Anonymous1, you must have got there around 5 p.m. I agree, it was odd to wait almost an hour after being seated. Like I said, I hope Nakano learns more about pacing. Maybe he was too ambitious in creating the everything ramen to include the fried chicken and braised pork.

Anonymous2, oh, stop tempting me!

agent713 said...

No Serendipity is a full restaurant. They're famous for their frozen hot chocolate but they offer sandwhiches and full meals (I had a sandwhich, I can't remember what the other meals were)

I thought the long post really helped convey the experience. I was getting hungry by the end!

foodhoe said...

wow, that is true commitment to the post single guy! I am a follower of the linecook podcast and thought about checking this out, but I think reading about your experience is good enough for this event!

Anonymous said...

Hapa Ramen posted on their Twitter site an address to email if you had any grievances (kitty@haparamensf.com), so I emailed and complained that my food was under cooked and instead of giving me a refund, Kitty emailed back and admitted that they knowingly served and charged for subpar food instead of closing the kitchen: "...the electric burners we had could barely boil water due to electrical issues. So, we could barely get our noodles to cook properly and the broth could only get so hot. This explains the doughy noodles and the lukewarm broth." When I told her that it was unethical to charge and serve people, Richie Nakano (sous chef; richie@haparamensf.com) wrote me back "Fuck off, you sad, miserable person." Wow. That's some bad business.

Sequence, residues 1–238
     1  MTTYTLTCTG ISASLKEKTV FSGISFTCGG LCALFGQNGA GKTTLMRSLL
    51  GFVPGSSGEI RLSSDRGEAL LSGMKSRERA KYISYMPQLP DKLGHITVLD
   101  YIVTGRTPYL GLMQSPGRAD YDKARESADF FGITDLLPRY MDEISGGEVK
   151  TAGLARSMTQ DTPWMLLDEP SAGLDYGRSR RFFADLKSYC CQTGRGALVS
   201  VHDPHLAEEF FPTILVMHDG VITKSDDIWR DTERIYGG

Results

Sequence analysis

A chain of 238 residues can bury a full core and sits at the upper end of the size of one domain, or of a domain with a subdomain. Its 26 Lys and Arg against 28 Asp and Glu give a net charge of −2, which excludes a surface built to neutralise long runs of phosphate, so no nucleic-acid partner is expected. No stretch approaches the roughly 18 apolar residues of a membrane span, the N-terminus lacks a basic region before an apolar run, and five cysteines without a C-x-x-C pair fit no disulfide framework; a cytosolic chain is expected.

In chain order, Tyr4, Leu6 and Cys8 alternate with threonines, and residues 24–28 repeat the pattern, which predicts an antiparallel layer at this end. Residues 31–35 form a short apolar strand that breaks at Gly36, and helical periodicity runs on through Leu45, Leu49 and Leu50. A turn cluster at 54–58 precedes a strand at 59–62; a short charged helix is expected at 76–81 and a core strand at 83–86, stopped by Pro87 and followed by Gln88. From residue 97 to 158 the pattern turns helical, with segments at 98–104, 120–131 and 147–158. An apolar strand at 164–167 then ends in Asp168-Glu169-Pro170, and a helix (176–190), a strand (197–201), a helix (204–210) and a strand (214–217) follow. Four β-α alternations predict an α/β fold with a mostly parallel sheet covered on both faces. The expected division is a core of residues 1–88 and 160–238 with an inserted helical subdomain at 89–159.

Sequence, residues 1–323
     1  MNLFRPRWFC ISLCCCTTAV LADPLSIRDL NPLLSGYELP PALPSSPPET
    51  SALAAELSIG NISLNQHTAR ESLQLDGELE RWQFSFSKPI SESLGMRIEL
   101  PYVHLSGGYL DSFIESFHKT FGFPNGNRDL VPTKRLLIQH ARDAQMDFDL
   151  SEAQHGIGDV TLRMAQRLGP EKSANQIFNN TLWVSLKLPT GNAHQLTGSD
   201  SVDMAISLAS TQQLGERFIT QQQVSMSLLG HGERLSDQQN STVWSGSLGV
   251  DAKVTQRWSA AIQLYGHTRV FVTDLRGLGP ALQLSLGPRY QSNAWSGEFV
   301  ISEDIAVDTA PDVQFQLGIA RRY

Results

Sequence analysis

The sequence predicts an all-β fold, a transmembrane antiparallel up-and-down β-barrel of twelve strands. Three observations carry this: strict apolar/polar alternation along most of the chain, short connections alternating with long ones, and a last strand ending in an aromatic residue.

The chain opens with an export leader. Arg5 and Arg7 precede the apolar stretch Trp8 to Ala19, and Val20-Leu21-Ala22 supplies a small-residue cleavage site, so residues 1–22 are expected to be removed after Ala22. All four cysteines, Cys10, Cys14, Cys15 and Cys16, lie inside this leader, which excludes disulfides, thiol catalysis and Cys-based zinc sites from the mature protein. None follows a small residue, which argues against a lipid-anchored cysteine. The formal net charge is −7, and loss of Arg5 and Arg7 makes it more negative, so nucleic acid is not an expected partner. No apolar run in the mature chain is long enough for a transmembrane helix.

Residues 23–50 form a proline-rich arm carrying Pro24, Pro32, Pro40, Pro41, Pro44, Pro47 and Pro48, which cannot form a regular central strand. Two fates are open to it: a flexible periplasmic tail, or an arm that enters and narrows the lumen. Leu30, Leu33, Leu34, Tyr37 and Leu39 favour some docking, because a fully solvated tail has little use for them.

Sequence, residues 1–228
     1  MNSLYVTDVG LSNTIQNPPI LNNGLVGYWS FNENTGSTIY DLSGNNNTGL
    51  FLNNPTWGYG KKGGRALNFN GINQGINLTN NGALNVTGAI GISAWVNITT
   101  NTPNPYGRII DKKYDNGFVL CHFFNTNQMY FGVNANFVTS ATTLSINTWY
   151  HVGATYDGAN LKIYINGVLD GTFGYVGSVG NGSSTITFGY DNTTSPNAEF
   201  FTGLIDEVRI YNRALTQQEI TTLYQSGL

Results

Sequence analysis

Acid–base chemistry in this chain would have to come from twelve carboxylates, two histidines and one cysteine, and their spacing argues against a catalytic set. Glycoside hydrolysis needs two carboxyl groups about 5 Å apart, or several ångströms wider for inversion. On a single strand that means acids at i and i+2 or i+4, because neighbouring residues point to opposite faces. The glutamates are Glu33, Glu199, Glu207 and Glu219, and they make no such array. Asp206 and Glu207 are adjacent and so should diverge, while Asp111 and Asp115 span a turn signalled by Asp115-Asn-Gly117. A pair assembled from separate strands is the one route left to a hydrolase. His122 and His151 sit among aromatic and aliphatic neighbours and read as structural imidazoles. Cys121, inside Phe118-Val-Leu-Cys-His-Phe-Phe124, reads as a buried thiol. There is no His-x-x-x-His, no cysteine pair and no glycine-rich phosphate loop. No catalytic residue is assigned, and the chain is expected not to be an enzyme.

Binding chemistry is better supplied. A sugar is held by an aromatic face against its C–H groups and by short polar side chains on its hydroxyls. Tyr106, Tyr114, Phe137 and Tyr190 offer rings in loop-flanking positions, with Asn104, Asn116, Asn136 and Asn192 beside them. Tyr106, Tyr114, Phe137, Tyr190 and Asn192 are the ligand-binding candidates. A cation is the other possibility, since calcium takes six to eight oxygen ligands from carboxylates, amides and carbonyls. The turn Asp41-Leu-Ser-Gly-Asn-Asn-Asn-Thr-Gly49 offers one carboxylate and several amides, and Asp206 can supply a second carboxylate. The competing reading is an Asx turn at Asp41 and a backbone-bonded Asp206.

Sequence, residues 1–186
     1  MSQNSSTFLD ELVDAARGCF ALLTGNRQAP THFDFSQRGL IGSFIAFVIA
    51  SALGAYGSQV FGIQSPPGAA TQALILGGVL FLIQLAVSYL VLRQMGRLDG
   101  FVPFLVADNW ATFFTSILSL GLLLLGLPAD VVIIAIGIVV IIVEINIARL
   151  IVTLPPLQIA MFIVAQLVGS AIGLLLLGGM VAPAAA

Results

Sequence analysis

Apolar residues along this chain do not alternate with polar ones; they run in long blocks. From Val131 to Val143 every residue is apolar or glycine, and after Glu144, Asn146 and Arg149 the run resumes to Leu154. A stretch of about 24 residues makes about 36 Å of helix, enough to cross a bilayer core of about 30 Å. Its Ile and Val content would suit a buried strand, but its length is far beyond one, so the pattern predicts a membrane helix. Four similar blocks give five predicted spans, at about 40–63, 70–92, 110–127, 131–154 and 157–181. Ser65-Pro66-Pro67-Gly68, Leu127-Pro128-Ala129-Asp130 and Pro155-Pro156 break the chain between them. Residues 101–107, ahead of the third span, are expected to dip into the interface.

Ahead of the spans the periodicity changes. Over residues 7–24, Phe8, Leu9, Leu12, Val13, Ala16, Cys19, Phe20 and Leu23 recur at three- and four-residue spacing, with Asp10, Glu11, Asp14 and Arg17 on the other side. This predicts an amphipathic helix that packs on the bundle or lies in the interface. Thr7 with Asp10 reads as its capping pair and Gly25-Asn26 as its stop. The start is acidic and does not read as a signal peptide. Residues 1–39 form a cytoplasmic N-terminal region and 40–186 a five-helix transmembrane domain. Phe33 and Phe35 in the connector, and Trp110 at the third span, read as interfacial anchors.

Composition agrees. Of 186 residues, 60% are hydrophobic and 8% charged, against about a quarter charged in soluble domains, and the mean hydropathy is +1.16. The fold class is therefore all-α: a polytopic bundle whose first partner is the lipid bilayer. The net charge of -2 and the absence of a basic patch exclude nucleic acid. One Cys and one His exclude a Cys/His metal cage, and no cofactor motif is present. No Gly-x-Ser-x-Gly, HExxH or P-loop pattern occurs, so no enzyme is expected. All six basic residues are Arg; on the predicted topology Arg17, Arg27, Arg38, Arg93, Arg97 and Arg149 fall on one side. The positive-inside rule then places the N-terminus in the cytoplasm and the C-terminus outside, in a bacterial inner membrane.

Colleen said...

Ben, it's Colleen! :) A friend linked me to your post and now I'll be following your blog. It was great to dine with you and if you're ever looking for another dining companion, let me know - I'd love to join!

It was... alright, though the last time I'll be waiting 4.5 hours for food as well. What an experience, and SO GLAD to have met you!

abstractpoet said...

Note that Anonymous3 has been spamming every single site to grind this axe. See the comment thread at SFoodie to see the chef's take on the email exchange (which doesn't cast this commenter in a particularly good light).

Single Guy Ben said...

Colleen, I'm glad you found my blog! It was nice meeting you too! We should definitely go food hunting, maybe pizza!

jhon jaha said...

Great blog. its a need of today's generation, but i think it need more information about this topic,
really not a bad but i wish it looks more complete..
Bundle of Thanks...